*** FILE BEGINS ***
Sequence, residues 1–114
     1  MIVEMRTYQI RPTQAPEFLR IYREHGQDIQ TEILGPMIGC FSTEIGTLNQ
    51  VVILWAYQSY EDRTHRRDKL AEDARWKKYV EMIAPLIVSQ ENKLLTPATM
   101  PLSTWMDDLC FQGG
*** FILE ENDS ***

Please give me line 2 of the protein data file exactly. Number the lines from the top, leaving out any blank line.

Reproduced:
     1  MIVEMRTYQI RPTQAPEFLR IYREHGQDIQ TEILGPMIGC FSTEIGTLNQ